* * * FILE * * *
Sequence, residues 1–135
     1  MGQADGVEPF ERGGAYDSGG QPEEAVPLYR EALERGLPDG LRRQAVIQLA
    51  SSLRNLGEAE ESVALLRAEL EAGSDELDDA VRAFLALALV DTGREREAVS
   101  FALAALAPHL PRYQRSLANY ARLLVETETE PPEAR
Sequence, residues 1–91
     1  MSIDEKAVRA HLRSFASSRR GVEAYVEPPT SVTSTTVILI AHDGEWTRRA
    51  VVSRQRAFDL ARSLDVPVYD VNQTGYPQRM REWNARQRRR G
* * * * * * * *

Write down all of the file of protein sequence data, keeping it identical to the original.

Sequence, residues 1–135
     1  MGQADGVEPF ERGGAYDSGG QPEEAVPLYR EALERGLPDG LRRQAVIQLA
    51  SSLRNLGEAE ESVALLRAEL EAGSDELDDA VRAFLALALV DTGREREAVS
   101  FALAALAPHL PRYQRSLANY ARLLVETETE PPEAR
Sequence, residues 1–91
     1  MSIDEKAVRA HLRSFASSRR GVEAYVEPPT SVTSTTVILI AHDGEWTRRA
    51  VVSRQRAFDL ARSLDVPVYD VNQTGYPQRM REWNARQRRR G